The national cohort study by Ogunbayo et al.1 compared the prevalence of revascularization (percutaneous coronary intervention [PCI] or coronary artery bypass graft [CABG]) in patients with acute myocardial infarction (AMI) who were seropositive for human immunodeficiency virus (HIV) to those who weren’t. The investigators also tested all-cause inpatient mortality and length of stay in the two groups. The authors extracted admissions (patients) from the National Inpatient Sample database during the years 2010–2014.
How a patient’s HIV status affects the standard of care for AMI has always been a matter of scientific debate. In the early 2000s, it was noted that AMI was managed more conservatively, with significantly lower rates of revascularization, in HIV patients than in the general population.2 Smilowitz et al. reported, however, an uprising trend of revascularization in HIV patients (42% in 2002 to 63% in 2011; P value < 0.001).3 Ogunbayo et al. emphasized that patients with HIV infection are no longer at a treatment disadvantage, as there was no treatment bias with respect to HIV status noted in terms of revascularization during the years 2010–2014. It is impossible, though, to ascertain from the study of Ogunbayo et al. whether the comparable revascularization rate, regardless of HIV status, represented a higher quality of treatment than in the past.
Despite AMI occurring at a younger age in HIV patients, possibly due to ongoing activation of the immune system and exposure to pro-atherogenic highly active antiretroviral therapy,4 incidence of cardiovascular-related deaths in HIV populations is declining (20/100,000 people in 2002 to 16/100,000 people in 2016).5 The population-based cohort of Ogunbayo et al., consisting of the US population during 2010–2014, highlighted the absence of independent association between HIV infection and in-hospital mortality or length of stay, coinciding with existing literature. It is unclear, though, whether the comparable revascularization rate, regardless of HIV status, contributes to the decreased in-hospital mortality, length of stay, and cardiovascular-related deaths in HIV patients, or if this AMI management bias, if persistent, would translate to an appreciable in-hospital mortality difference. Further clinical studies are needed to validate these observations.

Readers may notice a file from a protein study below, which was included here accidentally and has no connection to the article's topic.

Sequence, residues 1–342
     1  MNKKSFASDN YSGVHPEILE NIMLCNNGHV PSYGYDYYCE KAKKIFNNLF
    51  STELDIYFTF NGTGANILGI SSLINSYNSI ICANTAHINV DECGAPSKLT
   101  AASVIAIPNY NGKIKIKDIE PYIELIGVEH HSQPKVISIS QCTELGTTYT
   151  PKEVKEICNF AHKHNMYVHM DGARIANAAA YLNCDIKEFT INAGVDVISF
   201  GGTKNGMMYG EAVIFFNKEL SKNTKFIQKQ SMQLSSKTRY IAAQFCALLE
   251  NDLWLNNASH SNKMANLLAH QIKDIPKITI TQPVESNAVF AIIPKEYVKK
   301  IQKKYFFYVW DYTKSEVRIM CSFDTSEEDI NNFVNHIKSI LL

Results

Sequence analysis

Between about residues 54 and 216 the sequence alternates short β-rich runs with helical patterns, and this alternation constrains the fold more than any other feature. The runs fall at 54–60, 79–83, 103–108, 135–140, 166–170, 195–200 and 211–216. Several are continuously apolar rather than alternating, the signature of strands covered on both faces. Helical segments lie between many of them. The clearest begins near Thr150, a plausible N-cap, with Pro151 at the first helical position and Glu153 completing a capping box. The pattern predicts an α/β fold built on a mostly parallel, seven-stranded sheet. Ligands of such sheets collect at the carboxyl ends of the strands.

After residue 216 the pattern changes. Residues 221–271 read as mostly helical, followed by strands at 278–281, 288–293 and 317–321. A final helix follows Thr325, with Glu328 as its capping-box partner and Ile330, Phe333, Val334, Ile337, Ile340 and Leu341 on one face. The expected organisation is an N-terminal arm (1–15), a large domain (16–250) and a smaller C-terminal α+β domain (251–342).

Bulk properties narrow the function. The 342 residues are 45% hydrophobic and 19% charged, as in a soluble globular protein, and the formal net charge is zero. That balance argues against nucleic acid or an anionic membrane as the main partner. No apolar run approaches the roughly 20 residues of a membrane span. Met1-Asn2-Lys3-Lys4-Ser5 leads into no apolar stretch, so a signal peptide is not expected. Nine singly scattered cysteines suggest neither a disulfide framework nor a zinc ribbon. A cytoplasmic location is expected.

Ogunbayo G, Ha LD, Ahmad Q, et al. Treatment Bias in Management of HIV Patients Admitted for Acute Myocardial Infarction: Does it Still Exist? JGIM. https://doi.org/10.1007/s11606-019-05416-6.
Pearce D, Ani C, Espinosa-Silva Y, et al. Comparison of in-hospital mortality from acute myocardial infarction in HIV sero-positive versus sero-negative individuals. Am J Cardiol. 2012;110(8):1078–1084. https://doi.org/10.1016/j.amjcard.2012.05.045.
Smilowitz NR, Gupta N, Guo Y, Coppola JT, Bangalore S. Influence of Human Immunodeficiency Virus Seropositive Status on the In-Hospital Management and Outcomes of Patients Presenting With Acute Myocardial Infarction. J Invasive Cardiol. 2016;28(10):403–409.
Currier JS. Update on cardiovascular complications in HIV infection. Top HIV Med Publ Int AIDS Soc USA. 2009;17(3):98–103.
17-3-98.pdf. https://www.iasusa.org/wp-content/uploads/2009/07/17-3-98.pdf. Accessed 25 Sept 2019.
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Taha, A. Capsule Commentary on Ogunbayo et al., “Treatment Bias in Management of HIV Patients Admitted for Acute Myocardial Infarction: Does it Still Exist?”. J GEN INTERN MED 35, 399 (2020) doi:10.1007/s11606-019-05499-1